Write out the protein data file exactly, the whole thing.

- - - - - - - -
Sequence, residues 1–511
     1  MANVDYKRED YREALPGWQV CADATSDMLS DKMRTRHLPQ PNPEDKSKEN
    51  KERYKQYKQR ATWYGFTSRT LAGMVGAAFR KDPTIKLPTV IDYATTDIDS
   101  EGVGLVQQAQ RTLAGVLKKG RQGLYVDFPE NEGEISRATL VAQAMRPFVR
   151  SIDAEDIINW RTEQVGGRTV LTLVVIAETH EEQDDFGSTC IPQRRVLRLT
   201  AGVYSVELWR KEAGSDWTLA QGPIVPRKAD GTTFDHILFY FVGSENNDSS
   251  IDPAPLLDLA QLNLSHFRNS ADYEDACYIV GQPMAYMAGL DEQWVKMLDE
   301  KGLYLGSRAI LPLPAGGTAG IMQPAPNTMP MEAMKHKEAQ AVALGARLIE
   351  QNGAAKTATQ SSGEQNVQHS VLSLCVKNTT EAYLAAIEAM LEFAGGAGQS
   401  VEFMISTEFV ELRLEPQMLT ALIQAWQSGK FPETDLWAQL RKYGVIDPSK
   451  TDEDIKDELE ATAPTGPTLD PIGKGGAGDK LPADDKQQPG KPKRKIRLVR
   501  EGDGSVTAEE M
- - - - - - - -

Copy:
Sequence, residues 1–511
     1  MANVDYKRED YREALPGWQV CADATSDMLS DKMRTRHLPQ PNPEDKSKEN
    51  KERYKQYKQR ATWYGFTSRT LAGMVGAAFR KDPTIKLPTV IDYATTDIDS
   101  EGVGLVQQAQ RTLAGVLKKG RQGLYVDFPE NEGEISRATL VAQAMRPFVR
   151  SIDAEDIINW RTEQVGGRTV LTLVVIAETH EEQDDFGSTC IPQRRVLRLT
   201  AGVYSVELWR KEAGSDWTLA QGPIVPRKAD GTTFDHILFY FVGSENNDSS
   251  IDPAPLLDLA QLNLSHFRNS ADYEDACYIV GQPMAYMAGL DEQWVKMLDE
   301  KGLYLGSRAI LPLPAGGTAG IMQPAPNTMP MEAMKHKEAQ AVALGARLIE
   351  QNGAAKTATQ SSGEQNVQHS VLSLCVKNTT EAYLAAIEAM LEFAGGAGQS
   401  VEFMISTEFV ELRLEPQMLT ALIQAWQSGK FPETDLWAQL RKYGVIDPSK
   451  TDEDIKDELE ATAPTGPTLD PIGKGGAGDK LPADDKQQPG KPKRKIRLVR
   501  EGDGSVTAEE M